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EFRA launches flood prevention inquiry

An inquiry into future flood prevention in England following the severe flooding this winter has been launched by the Environment, Food and Rural Affairs Committee (EFRA).

The committee is inviting written evidence on four key topics:

  • Predicting the future: Are the Environment Agency and Met Office models that predict rainfall patterns and the likelihood of future floods fit for purpose - and do they correctly calculate the costs of future flooding to communities?
  • Protecting communities and infrastructure: How adequately do defences protect communities and agricultural land from floods and do current funding arrangements target spending in the right way?
  • Managing water flows: How effectively do Defra and the Environment Agency’s policies encourage innovative approaches to managing risk such as slowing the flow of water in urban and rural river catchment areas and promoting water storage?
  • Planning for floods: How well do planning policies ensure new buildings are not put in areas of high flood risk nor where they would increase risk to others – and how well do new developments incorporate sustainable drainage and flood-resilient buildings?

The committee will also look at flood insurance as part of the inquiry. With the new Flood Re scheme coming into operation in April, EFRA said written evidence is also welcome on how accessible and affordable flood insurance will be for businesses as well as householders covered by the scheme. Flooding has affected many areas this winter, costing communities more than £5bn to date and disrupting thousands of peoples’ lives and businesses, said EFRA. Record rainfall fell in many areas and the consequent floods overwhelmed defences in some places.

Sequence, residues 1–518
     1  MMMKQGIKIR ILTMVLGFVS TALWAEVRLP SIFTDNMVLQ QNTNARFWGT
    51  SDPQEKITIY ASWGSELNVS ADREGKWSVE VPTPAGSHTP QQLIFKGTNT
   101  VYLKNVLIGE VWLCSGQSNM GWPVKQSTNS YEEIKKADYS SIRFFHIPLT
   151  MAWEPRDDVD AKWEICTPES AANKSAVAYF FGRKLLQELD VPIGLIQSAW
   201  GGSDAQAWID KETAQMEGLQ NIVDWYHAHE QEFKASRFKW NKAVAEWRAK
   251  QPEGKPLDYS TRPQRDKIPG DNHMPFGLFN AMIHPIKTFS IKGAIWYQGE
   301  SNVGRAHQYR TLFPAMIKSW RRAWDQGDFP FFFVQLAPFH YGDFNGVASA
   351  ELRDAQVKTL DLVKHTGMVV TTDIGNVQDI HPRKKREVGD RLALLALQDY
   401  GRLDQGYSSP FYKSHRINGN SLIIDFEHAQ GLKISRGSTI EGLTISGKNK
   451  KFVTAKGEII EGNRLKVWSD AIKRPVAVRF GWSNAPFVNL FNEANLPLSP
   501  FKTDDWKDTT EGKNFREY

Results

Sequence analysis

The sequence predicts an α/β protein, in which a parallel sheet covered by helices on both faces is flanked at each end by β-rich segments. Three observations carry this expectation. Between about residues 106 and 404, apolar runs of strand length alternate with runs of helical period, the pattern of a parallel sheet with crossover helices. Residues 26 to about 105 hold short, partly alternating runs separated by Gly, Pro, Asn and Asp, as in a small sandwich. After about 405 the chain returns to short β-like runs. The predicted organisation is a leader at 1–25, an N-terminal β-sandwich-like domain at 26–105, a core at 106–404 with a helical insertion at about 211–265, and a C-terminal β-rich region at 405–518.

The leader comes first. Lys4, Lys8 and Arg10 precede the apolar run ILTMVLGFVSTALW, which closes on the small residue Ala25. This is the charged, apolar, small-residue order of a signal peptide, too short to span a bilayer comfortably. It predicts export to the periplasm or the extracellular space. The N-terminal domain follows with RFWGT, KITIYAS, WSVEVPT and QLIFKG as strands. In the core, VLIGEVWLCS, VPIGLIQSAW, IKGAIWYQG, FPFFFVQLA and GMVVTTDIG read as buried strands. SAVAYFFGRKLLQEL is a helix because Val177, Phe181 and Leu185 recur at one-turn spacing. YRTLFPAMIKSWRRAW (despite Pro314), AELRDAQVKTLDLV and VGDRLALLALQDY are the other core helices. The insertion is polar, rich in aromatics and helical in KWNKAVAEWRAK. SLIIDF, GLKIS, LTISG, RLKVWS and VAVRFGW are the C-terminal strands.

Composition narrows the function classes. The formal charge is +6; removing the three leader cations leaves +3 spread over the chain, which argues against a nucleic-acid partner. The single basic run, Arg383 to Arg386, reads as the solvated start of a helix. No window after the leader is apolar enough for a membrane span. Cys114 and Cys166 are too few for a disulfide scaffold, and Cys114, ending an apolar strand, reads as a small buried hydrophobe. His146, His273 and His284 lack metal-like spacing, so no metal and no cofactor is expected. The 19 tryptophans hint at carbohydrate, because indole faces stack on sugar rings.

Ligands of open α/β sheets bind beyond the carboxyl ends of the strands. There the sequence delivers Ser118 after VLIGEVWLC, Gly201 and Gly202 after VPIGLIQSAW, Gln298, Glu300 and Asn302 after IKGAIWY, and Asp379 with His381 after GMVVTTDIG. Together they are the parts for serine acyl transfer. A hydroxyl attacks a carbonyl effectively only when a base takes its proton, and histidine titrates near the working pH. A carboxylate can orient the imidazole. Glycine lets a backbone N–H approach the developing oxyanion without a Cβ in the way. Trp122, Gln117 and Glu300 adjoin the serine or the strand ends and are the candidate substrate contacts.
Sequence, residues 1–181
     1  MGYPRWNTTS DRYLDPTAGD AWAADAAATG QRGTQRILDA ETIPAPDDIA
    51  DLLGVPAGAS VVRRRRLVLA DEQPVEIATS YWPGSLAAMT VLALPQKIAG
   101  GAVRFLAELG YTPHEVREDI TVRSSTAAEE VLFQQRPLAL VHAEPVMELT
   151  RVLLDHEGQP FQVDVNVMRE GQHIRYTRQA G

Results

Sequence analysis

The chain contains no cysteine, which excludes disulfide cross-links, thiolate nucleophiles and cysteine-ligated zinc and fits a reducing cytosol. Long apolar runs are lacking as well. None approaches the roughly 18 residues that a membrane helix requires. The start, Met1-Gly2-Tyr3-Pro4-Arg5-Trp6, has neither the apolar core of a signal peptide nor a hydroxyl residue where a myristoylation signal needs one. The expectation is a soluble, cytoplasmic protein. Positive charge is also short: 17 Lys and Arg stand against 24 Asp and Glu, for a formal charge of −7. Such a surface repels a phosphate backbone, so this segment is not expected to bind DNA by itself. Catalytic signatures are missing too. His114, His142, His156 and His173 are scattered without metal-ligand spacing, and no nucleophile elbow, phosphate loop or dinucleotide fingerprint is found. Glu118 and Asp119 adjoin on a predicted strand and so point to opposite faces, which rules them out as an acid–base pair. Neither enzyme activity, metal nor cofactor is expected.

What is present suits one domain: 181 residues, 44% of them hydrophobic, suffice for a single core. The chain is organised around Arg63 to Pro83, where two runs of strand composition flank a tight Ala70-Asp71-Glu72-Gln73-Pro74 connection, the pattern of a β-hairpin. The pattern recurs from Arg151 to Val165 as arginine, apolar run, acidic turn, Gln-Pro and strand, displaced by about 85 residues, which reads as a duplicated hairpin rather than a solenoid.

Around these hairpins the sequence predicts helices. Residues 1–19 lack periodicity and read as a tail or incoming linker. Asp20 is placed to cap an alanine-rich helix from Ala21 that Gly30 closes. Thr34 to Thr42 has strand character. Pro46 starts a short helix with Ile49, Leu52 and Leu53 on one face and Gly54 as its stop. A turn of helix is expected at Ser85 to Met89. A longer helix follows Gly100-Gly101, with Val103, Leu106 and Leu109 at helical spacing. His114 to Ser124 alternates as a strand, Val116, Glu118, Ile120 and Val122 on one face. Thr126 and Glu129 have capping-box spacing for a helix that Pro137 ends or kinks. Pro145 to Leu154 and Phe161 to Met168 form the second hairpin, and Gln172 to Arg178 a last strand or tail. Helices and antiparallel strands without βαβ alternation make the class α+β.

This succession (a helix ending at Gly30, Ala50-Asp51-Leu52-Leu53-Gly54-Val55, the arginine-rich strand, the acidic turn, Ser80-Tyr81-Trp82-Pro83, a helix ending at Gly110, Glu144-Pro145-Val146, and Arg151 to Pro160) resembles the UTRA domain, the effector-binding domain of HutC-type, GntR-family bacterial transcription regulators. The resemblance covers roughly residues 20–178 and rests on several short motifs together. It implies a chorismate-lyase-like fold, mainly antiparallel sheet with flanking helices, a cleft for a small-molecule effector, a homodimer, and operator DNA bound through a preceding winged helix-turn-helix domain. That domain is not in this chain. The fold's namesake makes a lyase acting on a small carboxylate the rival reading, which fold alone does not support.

Neil Parish MP, chair of the committee, said: "Flood damage of the sort suffered by communities across the UK this winter is becoming all-too-frequent an occurrence. I know from personal experience how flooding can damage not only buildings, land and infrastructure, but how it can also devastate lives.

“Questions need to be answered about whether there are adequate measures in place to plan for frequent, extreme flood events. We want to see how effectively the Environment Agency predicts and prepares for floods in a changing climate. We will also be asking how far Defra policies protect communities in high risk areas from future devastation."

The deadline for written submissions is March 15, 2016.

Author: Maureen Gaines, Editor, WET News Find on Google+
Topic: Flooding & Urban Drainage , Sewer Networks
Tags: flooding , environment agency , insurance , planning


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